Friday, March 8, 2013

February 2013 Book Reports

When Helping Hurts by Steve Corbett and Brian Fikkert (library copy)

My First Book of Saints by Kathleen M. Muldoon and Susan Helen Wallace, FSP (a review for The Catholic Company)

Walk the Worlds Rim by Betty Baker is the tale of Chakoh, a Native American who travels with three Spaniards and a black slave shortly after the discovery of the New World by Europeans. I found it thought-provoking and reasonably well-written, but it is a novel for someone ready to face some of the abuses, misunderstandings, and wrongs of the Church. There are a lot of things the novel brings up like how missionaries converted the Native Americans and in the ways they failed to convey the true meaning of our faith. Finally, I think there could be a lot of good discussions about slavery and freedom. I don't think I'll read this one aloud, but I do think there could be some good discussions with a middle school or high school student who was reading it independently. (library copy)

Daisy Dawson Is on Her Way! by Steve Voake is one I picked up somewhere and am so glad I did. It's a sweet little chapter book about Daisy, who is learning too much on her way to school to be there on time. She pauses to rescue a butterfly from a spider and is rewarded with a marvelous gift. There's just enough adventure to be exciting for little ones. I intend to ask First Daughter to read this aloud to me next year in first grade. There are five Daisy books so far and, if they are like the first one, this would be a great series for very young readers ready for chapter books. The illustrations are well done, too. (purchased copy)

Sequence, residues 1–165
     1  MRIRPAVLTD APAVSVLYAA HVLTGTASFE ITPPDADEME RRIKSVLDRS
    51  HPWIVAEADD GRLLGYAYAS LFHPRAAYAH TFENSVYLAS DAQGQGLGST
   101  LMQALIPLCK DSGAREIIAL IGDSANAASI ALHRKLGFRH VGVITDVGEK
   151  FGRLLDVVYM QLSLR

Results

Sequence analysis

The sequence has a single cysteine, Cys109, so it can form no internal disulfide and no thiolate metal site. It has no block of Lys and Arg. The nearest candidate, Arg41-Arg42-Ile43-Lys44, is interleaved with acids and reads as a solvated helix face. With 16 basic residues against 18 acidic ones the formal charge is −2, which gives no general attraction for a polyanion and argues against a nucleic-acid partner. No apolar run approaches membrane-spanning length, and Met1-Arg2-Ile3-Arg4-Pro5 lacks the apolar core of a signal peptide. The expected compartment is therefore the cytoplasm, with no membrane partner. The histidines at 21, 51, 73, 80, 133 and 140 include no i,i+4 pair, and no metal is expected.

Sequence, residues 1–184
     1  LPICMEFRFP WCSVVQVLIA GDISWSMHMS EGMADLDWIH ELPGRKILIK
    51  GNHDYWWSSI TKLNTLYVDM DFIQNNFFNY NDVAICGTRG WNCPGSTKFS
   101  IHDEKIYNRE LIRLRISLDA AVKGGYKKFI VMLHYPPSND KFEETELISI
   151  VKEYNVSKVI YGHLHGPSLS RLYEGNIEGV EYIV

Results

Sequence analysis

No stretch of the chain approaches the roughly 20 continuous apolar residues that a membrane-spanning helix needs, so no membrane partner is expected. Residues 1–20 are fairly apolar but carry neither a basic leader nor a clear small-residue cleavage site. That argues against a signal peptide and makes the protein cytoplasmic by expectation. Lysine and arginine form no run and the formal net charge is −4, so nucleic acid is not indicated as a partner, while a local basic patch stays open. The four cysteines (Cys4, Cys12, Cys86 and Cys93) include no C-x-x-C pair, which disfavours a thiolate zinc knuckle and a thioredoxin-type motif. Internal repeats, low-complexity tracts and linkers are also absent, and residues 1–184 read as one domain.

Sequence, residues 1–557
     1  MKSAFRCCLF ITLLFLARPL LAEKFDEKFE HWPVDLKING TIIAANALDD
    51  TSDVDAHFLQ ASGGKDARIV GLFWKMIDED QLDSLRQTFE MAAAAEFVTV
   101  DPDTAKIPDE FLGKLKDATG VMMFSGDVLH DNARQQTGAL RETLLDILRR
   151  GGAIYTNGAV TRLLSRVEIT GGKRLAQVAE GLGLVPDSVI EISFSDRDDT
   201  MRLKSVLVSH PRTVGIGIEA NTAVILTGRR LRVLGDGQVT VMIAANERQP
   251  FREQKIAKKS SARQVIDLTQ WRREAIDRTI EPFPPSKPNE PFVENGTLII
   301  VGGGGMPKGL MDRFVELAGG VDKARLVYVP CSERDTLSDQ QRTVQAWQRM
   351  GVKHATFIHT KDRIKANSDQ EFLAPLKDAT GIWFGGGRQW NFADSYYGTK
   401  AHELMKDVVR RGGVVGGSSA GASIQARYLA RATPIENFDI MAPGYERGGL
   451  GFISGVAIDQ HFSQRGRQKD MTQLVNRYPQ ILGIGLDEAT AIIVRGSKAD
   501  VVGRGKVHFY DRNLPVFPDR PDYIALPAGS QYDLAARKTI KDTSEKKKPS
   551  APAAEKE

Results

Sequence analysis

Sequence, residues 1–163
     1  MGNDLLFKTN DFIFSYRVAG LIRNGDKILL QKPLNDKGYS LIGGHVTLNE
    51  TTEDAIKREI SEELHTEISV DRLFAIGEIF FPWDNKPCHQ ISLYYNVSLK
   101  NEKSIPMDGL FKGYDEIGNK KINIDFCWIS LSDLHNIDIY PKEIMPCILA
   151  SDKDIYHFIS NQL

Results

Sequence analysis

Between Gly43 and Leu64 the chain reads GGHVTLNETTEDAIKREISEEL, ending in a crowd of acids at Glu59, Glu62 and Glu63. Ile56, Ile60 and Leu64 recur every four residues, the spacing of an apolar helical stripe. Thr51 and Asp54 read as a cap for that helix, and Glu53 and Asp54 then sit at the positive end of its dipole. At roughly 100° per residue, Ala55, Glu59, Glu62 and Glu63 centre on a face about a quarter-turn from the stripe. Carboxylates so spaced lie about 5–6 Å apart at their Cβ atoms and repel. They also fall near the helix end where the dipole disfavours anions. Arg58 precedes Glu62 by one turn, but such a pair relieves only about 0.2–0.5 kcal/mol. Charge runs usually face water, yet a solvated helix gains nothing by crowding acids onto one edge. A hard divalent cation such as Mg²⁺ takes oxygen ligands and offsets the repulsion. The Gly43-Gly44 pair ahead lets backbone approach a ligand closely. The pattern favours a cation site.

The Whipping Boy by Sid Fleischman tells the adventures of a spoiled prince who runs away, dragging his whipping boy along with him, in search of freedom and, perhaps, a friend. It's a bit like a tall tale and would probably appeal to boys who are young readers. I intend to ask First Son if he'd like to read it, but I wouldn't assign it. (It's also below his reading level at this point.) I can't imagine why it won the Newbery medal as I'd say it's merely acceptable. Fleischman's By the Great Horn Spoon! is far superior. (library copy)

Mieko and the Fifth Treasure by Eleanor Coerr tells of Mieko, a ten-year-old talented Japanese calligrapher whose arm is badly injued by the Nagasaki bomb. I will share it with my third grade son this year if I decide to cover the atomic bombings. It gently touches on how the bombs changed a child's life without being too scary. It is also a sweet story of courage, friendship, perseverance, and personal growth. Ms. Coerr was born in Canada, but visited Japan as a young woman and lived there for a number of years. (purchased copy)

Simple Living - 30 days to less stuff and more life by Lorilee Lippincott is a short Kindle book with exercises for each of 30 days ranging from clearing off your counters (of everything for at least a week) to unsubscribing from email lists if you don't read them regularly. There's even a little section on facebook. I didn't find anything here I hadn't heard before, but I think it's nice to have little reminders of things I can do to ease the clutter in our lives. I was inspired to move a few things around and pass a few things on to others who can use them. (read for free from the Kindle Owners' Lending Library)

Quo Vadis by Henryk Sienkiewicz (library copy)

Hoot by Carl Hiaasen is the story of a middle-school student, new and bullied, who is intrigued by the mystery of a running boy. In the end, he makes some friends, stands up to the bullies, and learns a little about caring for his home (wherever that is). I enjoyed it, but it's certainly a book I would reserve for older children. There are instances of physical abuse and neglect in addition to the struggles with bullies, a topic incredibly difficult to address. (copy received for free in a book promotion)

The Blue Castle by L. M. Montgomery (purchased copy)

Books in Progress (and date started)

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